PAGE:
Tag Archives: x-rays

Machine learning is paving the way towards 3D X-rays

Researchers at the U.S. Department of Energy’s (DOE) Argonne National Laboratory have developed a new AI-based framework that can produce X-ray images in 3D.

The Advanced Photon Source (APS) at Argonne National Laboratory, one of the most technologically complex machines in the world, provides ultra-bright, high-energy x-ray beams for researchers across the USA. Image credits Argonne National Laboratory / Flickr.

The team, which includes members from three divisions at Argonne, has developed a method to create 3D visualizations from X-ray data. Their efforts were meant to allow them to better use the Advanced Photon Source (APS) at their lab, but potential applications of this technology range from astronomy to electron microscopy.

Lab tests showed that the new approach, called 3D-CDI-NN, can create 3D visualizations from data hundreds of times faster than existing technology.

More dimensions

“In order to make full use of what the upgraded APS will be capable of, we have to reinvent data analytics. Our current methods are not enough to keep up. Machine learning can make full use and go beyond what is currently possible,” says Mathew Cherukara of the Argonne National Laboratory, corresponding author of the paper.

The “CDI” in the technique’s name stands for coherent diffraction imaging, which is an X-ray technique that involves reflecting ultra-bright X-ray beams off of a certain sample that’s being investigated. These are later picked up by an array of detectors, and processed to produce the final image. The issue with this, says Cherukara, is that these detectors are limited in what information they can pick up from the beams. The “NN” stands for “neural network”.

Since important information can be missed during this step, software is used to fill it back in. Naturally, this is a very computationally- and time-intensive step. The team decided to train an AI that could side-step this entirely, being able to recognize objects straight from the raw data. They trained the AI using simulated X-ray data.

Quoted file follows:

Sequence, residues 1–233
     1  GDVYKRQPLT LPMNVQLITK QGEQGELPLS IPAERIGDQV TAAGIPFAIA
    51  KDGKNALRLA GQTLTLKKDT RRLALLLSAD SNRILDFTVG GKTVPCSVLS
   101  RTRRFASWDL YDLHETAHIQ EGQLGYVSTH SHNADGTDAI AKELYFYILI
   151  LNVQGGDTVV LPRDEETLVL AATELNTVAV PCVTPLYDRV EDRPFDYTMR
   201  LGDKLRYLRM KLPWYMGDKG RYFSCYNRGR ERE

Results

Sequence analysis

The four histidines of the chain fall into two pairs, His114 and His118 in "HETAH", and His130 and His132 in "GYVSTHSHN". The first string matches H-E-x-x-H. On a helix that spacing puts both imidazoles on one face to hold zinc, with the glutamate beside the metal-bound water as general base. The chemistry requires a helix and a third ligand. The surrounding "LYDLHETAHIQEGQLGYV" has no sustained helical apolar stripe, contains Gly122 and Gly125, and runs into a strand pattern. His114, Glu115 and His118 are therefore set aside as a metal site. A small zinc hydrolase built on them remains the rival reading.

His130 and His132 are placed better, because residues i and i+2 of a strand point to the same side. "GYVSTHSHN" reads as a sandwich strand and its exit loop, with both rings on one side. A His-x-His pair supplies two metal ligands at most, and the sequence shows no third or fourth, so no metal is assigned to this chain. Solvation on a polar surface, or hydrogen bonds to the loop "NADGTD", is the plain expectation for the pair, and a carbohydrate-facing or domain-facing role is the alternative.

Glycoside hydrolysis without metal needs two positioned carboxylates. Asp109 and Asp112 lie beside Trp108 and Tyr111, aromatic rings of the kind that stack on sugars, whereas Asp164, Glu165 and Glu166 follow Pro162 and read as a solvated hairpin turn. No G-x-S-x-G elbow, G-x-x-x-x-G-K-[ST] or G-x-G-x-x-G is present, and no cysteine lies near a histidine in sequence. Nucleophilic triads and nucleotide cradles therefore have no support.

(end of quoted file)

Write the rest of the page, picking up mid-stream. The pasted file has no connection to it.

“We used computer simulations to create crystals of different shapes and sizes, and we converted them into images and diffraction patterns for the neural network to learn,” said Henry Chan, the lead author on the paper and a postdoctoral researcher in the Center for Nanoscale Materials (CNM), a DOE Office of Science User Facility at Argonne, who led this part of the work. “The ease of quickly generating many realistic crystals for training is the benefit of simulations.”

After this, the AI was pretty good: it could arrive at close to the right answer in an acceptable span of time. The team further refined it by adding an extra step to the process, to help improve the accuracy of its output. They then tested it on real X-ray readings of gold particles collected at the APS. The final form of the neural network proved it can reconstruct the information not captured by detectors using less data than current approaches.

The next step, according to the team, is to integrate it into the APS’s workflow, so that it can learn from new data as it’s being taken. The APS is scheduled to receive a massive upgrade soon, which will increase the speed at which it can collect X-ray data roughly 500-fold. With this in mind, having an AI such as the one created by the team available to process data in real-time would be invaluable.

X-rays can allow us to see how materials behave on the nanoscale, i.e. on scales 100,000 smaller than the width of a human hair. But the sheer amount of data captured at such resolutions meant that processing remained time-consuming. Technology such as this, the team explains, would allow us to peer at the very, very small much more easily than ever before. Alternatively, it could help us understand the very large, as well, as several types of astronomical bodies emit X-rays towards Earth.

And, while the work at Argonne was carried out using samples of crystal, there’s no reason why the technology can’t be adapted for medical applications, as well.

“In order to make full use of what the upgraded APS will be capable of, we have to reinvent data analytics,” Cherukara said. “Our current methods are not enough to keep up. Machine learning can make full use and go beyond what is currently possible.”

The paper “Rapid 3D nanoscale coherent imaging via physics-aware deep learning” has been published in the journal Applied Physics Reviews.

NASA pinpoints black holes that send out high-energy X-rays for first time ever

For the first time ever, NASA’s Chandra mission has pinpointed large numbers of black holes that send out high-energy X-rays. Although these unique black holes possess the highest pitched “voices” compared to their lower energy counterparts, until now they have remained elusive.

The blue dots in the above picture represent galaxies that contain supermassive black holes emitting high-energy X-rays. Credit: NASA/JPL-Caltech

The blue dots in the above picture represent galaxies that contain supermassive black holes emitting high-energy X-rays. Credit: NASA/JPL-Caltech

Prior to the current findings, NASA’s Chandra mission has been able to determine many of the black holes that contribute to the X-ray background, but not those that release high-energy X-rays.